Growing up in a family that loved anything artistic, Jodi Glissmeyer Warner couldn’t help expressing her creativity in fabric and design. “My mother grew up writing and encouraged me to express my creativity in an area I loved. It became textiles, fashion, and design. My parents provided opportunities for me to further my love of sewing and design,” recalled Warner.
Warner graduated from Brigham Young University with a degree in clothing, textiles and fashion design. As a final project for an art class, she designed and made an “art quilt” that drew raves from both faculty members and other students. “I realized that quilts could be an art form just like painting, drawing, sculpting. Quilts didn’t have to be geometric. There are no bounds to the scope of quilt design.” explained Warner.
About the time Warner graduated from BYU, quilts and quilting became a nationally recognized art. After her marriage to Vince Warner, she became a devotee of country-style décor and used her quilting skills to add warmth to her home. She associated with quilters who taught her skills and techniques in quilting that she did not know.
After several quilting shows where her quilts were lauded for their originality and quality, Warner was invited to enter some of her quilts in the Great American Quilt Festival held at the Museum of Folk Art in New York City. The contest had a theme and rules. The theme was “Memories of Childhood.” The contest was intriguing. Warner made a Peter Rabbit quilt that was one of the winners and was chosen to be part of a national display that traveled throughout the United States and even Japan.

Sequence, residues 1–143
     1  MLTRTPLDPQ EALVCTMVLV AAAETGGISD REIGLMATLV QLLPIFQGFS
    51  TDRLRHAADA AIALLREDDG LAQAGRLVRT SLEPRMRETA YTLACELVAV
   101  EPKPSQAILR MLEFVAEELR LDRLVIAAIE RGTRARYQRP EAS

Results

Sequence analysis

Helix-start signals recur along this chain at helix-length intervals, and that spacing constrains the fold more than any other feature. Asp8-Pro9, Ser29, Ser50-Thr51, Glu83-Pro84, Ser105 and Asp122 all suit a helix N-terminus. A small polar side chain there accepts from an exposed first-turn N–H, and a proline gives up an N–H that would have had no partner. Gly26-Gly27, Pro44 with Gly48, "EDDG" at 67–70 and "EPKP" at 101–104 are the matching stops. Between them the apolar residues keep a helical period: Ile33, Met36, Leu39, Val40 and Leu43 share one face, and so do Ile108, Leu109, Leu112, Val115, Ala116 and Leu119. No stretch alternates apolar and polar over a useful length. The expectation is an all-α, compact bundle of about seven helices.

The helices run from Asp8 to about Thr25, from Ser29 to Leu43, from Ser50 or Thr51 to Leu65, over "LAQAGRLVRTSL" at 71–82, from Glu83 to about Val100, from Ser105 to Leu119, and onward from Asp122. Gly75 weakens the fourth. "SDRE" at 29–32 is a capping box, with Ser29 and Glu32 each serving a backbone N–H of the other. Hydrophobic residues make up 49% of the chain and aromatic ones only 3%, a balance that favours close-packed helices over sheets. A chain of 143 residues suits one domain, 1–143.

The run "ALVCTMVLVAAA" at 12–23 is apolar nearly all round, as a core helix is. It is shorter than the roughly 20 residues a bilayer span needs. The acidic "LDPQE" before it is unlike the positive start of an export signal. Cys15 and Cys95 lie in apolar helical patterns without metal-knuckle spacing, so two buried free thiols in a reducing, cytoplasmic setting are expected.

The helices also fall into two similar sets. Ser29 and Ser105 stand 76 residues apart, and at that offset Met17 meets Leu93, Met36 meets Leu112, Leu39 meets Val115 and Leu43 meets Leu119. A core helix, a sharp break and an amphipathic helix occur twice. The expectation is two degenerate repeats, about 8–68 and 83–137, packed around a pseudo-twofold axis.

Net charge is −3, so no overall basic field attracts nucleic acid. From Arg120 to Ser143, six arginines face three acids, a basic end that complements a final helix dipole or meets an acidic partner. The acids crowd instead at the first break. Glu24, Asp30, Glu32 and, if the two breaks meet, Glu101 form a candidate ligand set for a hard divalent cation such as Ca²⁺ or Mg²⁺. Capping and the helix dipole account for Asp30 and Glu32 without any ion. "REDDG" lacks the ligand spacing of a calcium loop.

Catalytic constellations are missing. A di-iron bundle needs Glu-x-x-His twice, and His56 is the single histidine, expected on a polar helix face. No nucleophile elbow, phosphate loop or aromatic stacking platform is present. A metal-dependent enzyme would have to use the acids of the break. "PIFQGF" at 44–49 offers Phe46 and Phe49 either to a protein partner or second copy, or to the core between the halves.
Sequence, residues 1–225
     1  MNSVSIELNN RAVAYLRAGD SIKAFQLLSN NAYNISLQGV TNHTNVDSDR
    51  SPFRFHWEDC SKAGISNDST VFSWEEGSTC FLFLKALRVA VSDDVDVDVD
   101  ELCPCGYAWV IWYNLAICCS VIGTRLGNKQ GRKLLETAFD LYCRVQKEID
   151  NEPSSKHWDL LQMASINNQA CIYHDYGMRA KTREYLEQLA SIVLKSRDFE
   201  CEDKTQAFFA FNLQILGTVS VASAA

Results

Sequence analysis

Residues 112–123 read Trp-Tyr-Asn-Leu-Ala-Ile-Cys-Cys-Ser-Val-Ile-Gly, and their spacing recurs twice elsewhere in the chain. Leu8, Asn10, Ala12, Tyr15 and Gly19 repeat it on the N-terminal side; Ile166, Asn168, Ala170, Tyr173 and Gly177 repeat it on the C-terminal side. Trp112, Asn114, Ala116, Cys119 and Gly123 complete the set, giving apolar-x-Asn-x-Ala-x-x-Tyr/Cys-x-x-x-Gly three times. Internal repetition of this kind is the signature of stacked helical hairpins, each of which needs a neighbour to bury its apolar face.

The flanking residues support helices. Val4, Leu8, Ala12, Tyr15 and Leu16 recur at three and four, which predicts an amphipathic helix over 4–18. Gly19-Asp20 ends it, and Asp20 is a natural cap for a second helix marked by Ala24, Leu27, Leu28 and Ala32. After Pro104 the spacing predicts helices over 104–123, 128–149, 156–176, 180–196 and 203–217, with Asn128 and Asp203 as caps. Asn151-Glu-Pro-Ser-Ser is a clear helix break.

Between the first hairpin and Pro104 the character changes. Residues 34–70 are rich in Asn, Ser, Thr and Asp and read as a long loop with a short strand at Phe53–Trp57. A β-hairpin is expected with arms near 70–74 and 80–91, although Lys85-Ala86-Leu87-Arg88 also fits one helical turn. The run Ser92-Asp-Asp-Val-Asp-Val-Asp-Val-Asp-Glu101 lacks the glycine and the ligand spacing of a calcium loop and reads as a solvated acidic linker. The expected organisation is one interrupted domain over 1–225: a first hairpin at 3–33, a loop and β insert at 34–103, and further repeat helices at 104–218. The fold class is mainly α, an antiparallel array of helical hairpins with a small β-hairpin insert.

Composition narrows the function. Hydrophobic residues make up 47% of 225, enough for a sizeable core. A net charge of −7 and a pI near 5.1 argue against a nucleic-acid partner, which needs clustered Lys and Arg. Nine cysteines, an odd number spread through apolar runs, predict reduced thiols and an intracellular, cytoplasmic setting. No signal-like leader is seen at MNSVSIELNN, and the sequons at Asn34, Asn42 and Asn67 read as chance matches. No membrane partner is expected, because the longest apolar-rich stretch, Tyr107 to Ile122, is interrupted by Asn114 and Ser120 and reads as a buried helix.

After three years, the Peter Rabbit quilt was returned home to Warner. Her three-year-old son, Riley, would sit under the quilt and Warner would regale him with stories about Peter Rabbit. “It became a bonding moment for me and my son. I started thinking about the possibility of making storybook quilts.” Her idea grew into a quilt display that has traveled across the state. Quilts were made that represented many of her favorite children’s stories. Lehi’s Northpoint Elementary was fortunate enough to have her quilts on display several years ago, Warner’s children were students there at the time.
As a latent entrepreneur, Warner discovered, along with making quilts, she loved paper craft and learned the art of pattern-making. She became a pattern designer and started her own business, Hearthsewn Designs. The Lehi resident has been successful in both making quilts and creating quilt designs.
“I have taken a hiatus from quilting for a while,” Warner said. “But it has been and always will be something I love.”